Framing Places

Mediating Power in Built Form, 2nd Edition

By Kim Dovey

© 2008 – Routledge

242 pages

Purchasing Options:
Paperback: 9780415416351
pub: 2007-12-13
US Dollars$57.95
Hardback: 9780415416344
pub: 2008-01-18
US Dollars$180.00

e–Inspection Copy

About the Book

Framing Places is an account of the nexus between place and power, investigating how the built forms of architecture and urban design act as mediators of social practices of power. Explored through a range of theories and case studies, this examination shows how lives are 'framed' within the clusters of rooms, buildings, streets and cities. These silent framings of everyday life also mediate practices of coercion, seduction and authorization as architects and urban designers engage with the articulation of dreams; imagining and constructing a 'better' future in someone's interest.

This second edition has been thoroughly revised and updated to include a look at the recent Grollo Tower development in Melbourne and a critique on Euralille, a new quarter development in Northern France. The book draws from a broad range of methodology including:

  • analysis of spatial structure
  • discourse analysis
  • phenomenology.

These approaches are woven together through a series of narratives on specific cities - Berlin, Beijing and Bangkok - and global building types including the corporate tower, shopping mall, domestic house and enclave.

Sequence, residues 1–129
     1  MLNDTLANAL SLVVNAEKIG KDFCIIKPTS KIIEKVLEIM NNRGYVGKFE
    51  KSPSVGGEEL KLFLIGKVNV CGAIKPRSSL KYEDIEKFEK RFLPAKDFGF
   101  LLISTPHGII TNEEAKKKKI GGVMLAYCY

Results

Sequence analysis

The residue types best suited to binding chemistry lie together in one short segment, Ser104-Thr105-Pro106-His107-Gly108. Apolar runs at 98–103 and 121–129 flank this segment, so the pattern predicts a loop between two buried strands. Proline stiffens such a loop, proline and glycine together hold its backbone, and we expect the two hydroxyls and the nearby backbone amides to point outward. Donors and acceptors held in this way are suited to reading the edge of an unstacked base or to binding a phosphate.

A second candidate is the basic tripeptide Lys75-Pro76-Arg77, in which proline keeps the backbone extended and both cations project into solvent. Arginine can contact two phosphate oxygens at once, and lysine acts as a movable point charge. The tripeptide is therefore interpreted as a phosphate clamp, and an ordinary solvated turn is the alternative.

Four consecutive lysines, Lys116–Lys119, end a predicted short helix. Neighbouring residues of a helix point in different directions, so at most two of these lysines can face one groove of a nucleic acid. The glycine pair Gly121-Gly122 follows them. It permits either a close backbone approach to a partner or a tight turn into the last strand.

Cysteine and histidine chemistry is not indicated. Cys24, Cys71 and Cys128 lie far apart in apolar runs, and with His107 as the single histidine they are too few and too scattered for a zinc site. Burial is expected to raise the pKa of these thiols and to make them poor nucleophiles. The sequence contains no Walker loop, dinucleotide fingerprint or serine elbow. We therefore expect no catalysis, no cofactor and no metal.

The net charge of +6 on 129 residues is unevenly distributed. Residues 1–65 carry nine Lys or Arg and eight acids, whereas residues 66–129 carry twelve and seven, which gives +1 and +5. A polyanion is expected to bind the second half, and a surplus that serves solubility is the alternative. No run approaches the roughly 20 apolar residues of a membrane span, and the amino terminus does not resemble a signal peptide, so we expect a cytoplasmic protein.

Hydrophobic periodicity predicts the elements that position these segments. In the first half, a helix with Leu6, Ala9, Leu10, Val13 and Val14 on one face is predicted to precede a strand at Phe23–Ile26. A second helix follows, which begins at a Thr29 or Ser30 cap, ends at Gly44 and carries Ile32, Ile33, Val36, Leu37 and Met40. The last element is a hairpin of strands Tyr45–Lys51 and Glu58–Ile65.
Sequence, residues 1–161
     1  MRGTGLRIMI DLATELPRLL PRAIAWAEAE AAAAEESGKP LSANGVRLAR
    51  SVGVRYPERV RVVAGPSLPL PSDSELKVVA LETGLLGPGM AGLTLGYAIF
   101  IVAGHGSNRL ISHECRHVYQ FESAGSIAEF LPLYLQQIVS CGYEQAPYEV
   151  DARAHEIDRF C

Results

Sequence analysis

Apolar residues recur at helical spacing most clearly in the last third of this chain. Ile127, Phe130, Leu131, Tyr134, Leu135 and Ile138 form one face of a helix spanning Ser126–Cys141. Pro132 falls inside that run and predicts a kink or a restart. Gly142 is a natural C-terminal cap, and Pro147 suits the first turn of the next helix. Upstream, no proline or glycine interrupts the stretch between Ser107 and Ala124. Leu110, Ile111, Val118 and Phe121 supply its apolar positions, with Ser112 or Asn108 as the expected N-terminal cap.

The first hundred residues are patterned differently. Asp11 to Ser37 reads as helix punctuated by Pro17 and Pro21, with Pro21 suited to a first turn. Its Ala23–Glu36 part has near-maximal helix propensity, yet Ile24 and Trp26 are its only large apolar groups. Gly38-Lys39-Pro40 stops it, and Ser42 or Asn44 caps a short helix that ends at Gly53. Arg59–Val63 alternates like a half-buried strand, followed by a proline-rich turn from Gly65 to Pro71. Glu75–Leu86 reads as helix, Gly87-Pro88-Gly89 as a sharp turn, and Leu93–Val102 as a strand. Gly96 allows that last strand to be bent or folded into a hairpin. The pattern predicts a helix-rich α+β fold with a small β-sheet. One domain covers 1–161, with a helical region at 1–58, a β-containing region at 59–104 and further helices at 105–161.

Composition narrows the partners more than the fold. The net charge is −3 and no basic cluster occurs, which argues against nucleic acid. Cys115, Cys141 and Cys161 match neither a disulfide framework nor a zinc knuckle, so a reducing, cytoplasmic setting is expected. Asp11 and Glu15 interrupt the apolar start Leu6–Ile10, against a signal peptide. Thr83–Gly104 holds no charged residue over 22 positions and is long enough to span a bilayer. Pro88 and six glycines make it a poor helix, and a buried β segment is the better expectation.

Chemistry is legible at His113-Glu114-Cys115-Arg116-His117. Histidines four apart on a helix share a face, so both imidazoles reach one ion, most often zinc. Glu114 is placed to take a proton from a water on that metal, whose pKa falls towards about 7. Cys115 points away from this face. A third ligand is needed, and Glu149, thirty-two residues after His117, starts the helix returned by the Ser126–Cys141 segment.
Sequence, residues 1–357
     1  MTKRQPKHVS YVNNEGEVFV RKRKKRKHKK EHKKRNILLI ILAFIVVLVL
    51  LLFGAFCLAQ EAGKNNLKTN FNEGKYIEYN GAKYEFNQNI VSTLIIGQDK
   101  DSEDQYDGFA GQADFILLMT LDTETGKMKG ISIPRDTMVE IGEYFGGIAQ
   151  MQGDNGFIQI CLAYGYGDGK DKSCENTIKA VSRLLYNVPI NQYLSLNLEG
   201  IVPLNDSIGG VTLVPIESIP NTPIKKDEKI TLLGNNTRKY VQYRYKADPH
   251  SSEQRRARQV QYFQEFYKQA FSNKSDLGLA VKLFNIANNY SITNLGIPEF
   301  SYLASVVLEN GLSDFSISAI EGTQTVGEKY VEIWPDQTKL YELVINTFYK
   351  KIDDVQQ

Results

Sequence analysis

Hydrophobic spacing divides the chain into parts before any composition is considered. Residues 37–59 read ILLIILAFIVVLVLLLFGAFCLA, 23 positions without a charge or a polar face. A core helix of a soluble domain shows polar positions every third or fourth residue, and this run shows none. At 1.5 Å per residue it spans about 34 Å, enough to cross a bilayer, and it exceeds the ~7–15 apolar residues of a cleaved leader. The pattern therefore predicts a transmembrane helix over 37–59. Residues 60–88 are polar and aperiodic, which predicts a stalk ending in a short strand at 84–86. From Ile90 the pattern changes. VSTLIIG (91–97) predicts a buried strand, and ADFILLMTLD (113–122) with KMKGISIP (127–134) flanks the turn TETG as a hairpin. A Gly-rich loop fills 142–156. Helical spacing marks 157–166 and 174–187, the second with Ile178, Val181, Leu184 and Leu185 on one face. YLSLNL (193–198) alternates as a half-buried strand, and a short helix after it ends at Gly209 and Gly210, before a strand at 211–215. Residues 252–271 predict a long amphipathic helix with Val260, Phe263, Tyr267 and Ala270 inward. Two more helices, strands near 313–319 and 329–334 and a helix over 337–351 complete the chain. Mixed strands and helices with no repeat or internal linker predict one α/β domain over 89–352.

Of the1st edition:

'Dovey has produced a most useful and incisive analysis of meaning in built form, of how places and buildings can be appropriated as tools of either oppression or emancipation….challenging and thought-provoking in equal measures.' - Environment and Planning B: Planning and Design 2000 Vol 27, June 2000

'Altogether a wonderfully stimulating, consistently readable, and exceptionally interesting book.' - Area

Table of Contents

Introduction Part 1: Frames of Theorization 1. Power 2. Program 3. Text 4. Place Part 2: Centres of Power 5. Take Your Breath Away: Berlin 6. Hidden Power: Beijing 7. Paths to Democracy: Bangkok Part 3: Global Types 8. Tall Storeys: The Corporate Tower 9. Inverted City: The Shopping Mall 10. Domestic Desires: House and Enclave Part 4: Localities 11. A Sign for the Twenty-First Century: Euralille 12. Rust and Irony: Rottnest Island 13. Afterword: Liberty and Complicity

About the Author

Kim Dovey is Professor of Architecture and Urban Design at the University of Melbourne. He has published and broadcast widely on issues of place and ideology including the book Fluid City (Routledge 2005).

About the Series


The Architext series brings together recent debates in social and cultural theory and the study and practice of architecture and urban design. Critical, comparative and interdisciplinary, the books in the series will, by theorizing architecture, bring the space of the built environment centrally into the social sciences and humanities, as well as bringing the theoretical insights of the latter into the discourse of architecture and urban design. Particular attention will be paid to issues of gender, race, sexuality and the body, to questions of identity and place, to cultural politics of representation and language, and to the global and postcolonial contexts in which these are addressed.

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